Friday, March 29, 2013


Everyone loves a good conspiracy theory, right?

Well, the CIA and the mob teaming up for the assassination of JFK was half a century ago and 9/11 as an inside job has lost a lot of steam since George W. Bush stopped playing dress-up 5 years ago, so we’re in desperate need of something new and exciting to set the Internet on fire.

There are those loons that think Sandy Hook was a plot organized and staged by the government to take your/their/our guns, but those are just shitty people. JFK and 9/11 conspiracy nuts are kind of fun, because you can just smile and nod along with what they’re saying. The Sandy Hook Truther douchebags are just reprehensible people.

That’s why we’re here to celebrate a little bit of a lighter, somewhat outlandish yet not entirely impossible conspiracy theory that popped up a few days ago.

Ready for it?

Okay, an anonymous letter was delivered to the website Hip Hop Is Read a few days ago, supposedly written by a former “decision making” employee of one of the major record labels from the heyday of music. This was the late 80s/early90s, when record labels had more power than even they thought possible.

The gist of the letter was this:

Back in the early 90s, all the major record labels made huge investments in the privatization of prisons across America. The more inmates those prisons housed and the longer they stayed full, the more money the investors would get from the government. The labels, none of which were named, gathered together a group of 25-30 people, all high-level development execs at a private residence on the outskirts of Los Angeles. The purpose of the meeting was to discuss how they were going to be asked to start pushing gangster rap and other music that promoted criminal behavior.

If everyone that was present for this secret meeting – all of whom were asked to sign a confidentiality agreement and did – helped make this plan into a reality, they would all be given the opportunity to invest in some of these prisons they were going to help fill. Essentially, “you put people in prison; we’ll put some money in your pocket.”

Not entirely impossible, right? Well, the guy that wrote the letter quit the record industry a few years later, because he was sick about what had transpired. He only knew a few other people at the meeting and never searched anyone else out. He stayed quiet all this time and refuses to name anyone else, but his hope is that everyone sees this letter, realizes what’s transpired over the past few years and does something about it.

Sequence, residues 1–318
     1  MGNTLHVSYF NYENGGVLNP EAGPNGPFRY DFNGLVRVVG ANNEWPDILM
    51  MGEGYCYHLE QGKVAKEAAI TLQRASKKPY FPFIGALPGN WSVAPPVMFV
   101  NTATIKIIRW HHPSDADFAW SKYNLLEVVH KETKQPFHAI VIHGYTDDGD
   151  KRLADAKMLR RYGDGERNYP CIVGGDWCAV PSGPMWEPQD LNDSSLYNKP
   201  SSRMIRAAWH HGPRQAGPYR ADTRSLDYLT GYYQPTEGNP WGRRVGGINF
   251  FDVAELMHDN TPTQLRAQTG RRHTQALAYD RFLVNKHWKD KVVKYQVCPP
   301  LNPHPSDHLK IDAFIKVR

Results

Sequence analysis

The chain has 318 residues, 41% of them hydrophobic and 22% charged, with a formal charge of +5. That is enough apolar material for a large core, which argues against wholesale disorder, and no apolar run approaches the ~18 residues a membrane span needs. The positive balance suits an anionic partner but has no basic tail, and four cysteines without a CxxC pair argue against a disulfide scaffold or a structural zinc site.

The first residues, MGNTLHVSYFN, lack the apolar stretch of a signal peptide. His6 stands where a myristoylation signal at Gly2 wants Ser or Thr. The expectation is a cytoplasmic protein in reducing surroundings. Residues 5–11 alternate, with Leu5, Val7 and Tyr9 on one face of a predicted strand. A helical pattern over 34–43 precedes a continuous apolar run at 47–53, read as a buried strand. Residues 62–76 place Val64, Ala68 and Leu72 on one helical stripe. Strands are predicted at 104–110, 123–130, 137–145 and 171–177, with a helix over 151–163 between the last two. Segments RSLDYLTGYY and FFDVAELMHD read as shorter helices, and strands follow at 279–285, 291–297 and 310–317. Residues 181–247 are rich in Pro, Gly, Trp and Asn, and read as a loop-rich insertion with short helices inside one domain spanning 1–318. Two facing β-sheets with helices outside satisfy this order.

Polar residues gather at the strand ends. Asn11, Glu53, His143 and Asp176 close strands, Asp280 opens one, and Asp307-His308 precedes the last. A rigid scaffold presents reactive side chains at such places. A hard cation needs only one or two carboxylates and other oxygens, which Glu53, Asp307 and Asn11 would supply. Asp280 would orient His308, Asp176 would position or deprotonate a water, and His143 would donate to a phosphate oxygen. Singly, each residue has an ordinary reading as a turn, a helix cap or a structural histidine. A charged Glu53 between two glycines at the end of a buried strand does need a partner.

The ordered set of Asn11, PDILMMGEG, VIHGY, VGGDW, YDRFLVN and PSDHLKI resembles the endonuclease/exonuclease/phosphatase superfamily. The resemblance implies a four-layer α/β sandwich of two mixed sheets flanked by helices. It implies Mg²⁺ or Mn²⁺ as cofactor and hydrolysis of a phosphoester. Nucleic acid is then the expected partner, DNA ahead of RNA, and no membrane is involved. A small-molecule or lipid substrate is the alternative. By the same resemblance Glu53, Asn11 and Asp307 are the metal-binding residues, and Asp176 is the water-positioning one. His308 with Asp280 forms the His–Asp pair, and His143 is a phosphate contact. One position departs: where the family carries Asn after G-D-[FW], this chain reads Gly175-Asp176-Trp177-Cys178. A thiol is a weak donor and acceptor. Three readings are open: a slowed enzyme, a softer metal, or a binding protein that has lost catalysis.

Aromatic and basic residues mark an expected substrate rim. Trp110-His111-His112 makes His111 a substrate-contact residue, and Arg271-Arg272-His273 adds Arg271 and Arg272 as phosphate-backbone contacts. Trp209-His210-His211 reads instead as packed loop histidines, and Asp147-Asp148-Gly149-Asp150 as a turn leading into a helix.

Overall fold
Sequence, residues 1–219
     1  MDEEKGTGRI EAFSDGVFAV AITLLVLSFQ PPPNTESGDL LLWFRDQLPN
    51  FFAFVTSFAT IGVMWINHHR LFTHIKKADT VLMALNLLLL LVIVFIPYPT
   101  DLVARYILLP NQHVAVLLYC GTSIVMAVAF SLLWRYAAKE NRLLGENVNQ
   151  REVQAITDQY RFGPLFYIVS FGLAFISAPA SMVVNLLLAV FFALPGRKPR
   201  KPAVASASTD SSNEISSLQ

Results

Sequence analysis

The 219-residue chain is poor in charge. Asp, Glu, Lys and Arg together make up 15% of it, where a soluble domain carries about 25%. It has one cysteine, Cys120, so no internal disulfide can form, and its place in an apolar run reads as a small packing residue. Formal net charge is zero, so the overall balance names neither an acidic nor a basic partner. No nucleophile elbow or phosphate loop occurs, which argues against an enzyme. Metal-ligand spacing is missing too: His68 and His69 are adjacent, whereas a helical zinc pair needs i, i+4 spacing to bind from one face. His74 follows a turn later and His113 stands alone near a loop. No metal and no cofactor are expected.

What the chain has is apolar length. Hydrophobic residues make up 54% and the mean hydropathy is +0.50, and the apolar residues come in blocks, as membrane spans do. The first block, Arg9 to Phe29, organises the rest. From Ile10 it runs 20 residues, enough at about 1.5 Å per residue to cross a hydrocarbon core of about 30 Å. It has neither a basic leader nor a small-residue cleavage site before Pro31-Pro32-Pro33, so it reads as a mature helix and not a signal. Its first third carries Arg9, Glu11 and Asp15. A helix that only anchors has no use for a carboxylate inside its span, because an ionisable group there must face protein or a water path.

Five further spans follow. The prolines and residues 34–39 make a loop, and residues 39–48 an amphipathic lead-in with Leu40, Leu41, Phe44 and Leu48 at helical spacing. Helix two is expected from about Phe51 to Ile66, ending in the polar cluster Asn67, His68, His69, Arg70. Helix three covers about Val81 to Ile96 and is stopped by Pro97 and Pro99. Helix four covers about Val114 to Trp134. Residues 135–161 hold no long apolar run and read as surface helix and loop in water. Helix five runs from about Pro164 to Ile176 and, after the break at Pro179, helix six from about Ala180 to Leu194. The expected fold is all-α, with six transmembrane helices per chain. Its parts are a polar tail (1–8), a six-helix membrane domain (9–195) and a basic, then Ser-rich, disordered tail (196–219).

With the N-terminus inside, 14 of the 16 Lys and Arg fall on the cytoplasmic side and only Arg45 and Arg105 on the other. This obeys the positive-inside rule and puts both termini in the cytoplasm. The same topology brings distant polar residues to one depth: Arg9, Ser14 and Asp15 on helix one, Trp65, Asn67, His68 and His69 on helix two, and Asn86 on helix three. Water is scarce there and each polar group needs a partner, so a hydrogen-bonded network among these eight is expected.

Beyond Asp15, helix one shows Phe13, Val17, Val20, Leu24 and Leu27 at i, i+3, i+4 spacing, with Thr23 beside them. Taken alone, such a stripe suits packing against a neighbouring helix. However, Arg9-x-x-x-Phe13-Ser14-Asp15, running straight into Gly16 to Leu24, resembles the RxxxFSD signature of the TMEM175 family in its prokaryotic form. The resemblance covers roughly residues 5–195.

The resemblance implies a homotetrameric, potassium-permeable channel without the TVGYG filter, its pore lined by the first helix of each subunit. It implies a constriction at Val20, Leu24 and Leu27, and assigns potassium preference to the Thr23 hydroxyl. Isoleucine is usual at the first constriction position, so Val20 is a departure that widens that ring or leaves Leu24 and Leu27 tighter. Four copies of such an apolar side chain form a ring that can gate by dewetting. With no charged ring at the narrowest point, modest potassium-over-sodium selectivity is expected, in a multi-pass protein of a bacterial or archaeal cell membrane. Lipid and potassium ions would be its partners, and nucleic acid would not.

Like, possibly building a time machine to go back and not let impressionable kids listen to N.W.A. and Ice T.

All in all, this makes total sense and it wouldn’t surprise me in the least if it turns out to be true. But come on, this guy is 25 years removed from having anything to do with the record industry and won’t own up to it? In the letter, he states that the confidentiality agreement he signed would result in termination if he broke it. Well, he quit the industry two years after the meeting and moved back to Europe.

Just spill the details already and let’s see what happens. I’m guessing that any and all record execs that had something to do with this plan are either out of work, dead, in jail or broke because very few of those guys actually survived the total collapse of the record industry a few years back.

Might as well call them on their shit and see what they have to say about it. They’ll probably admit the whole thing. Nothing they did was illegal, per se. It was merely frowned upon.

But I guess naming names would only lead to these same guys making more money with book deals and talk show appearances, so maybe he’s actually doing them more harm by not coming clean.

Either way, it’s a pretty good story, right?

I love a good conspiracy theory.

You can read the entire letter over here. I didn't read the comments, but I'm sure they're awful, so you probably shouldn't either.

*source - Hip Hop Is Read

*UPDATE* - A friend of mine—Dan Fletcher, the guy that lives on my couch—works with a guy at an ad agency here in SLC that, once upon a time, worked for one of the above mentioned record labels. Dan asked him about this and got a "definitely not true" response. That's not the end of this by any means, so let's keep spreading this and see what happens.

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